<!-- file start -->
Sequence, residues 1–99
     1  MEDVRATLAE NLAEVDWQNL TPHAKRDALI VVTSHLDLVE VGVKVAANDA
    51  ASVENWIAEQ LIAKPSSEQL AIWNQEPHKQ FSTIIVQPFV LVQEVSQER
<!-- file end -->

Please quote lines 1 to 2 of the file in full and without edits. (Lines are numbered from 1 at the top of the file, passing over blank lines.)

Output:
Sequence, residues 1–99
     1  MEDVRATLAE NLAEVDWQNL TPHAKRDALI VVTSHLDLVE VGVKVAANDA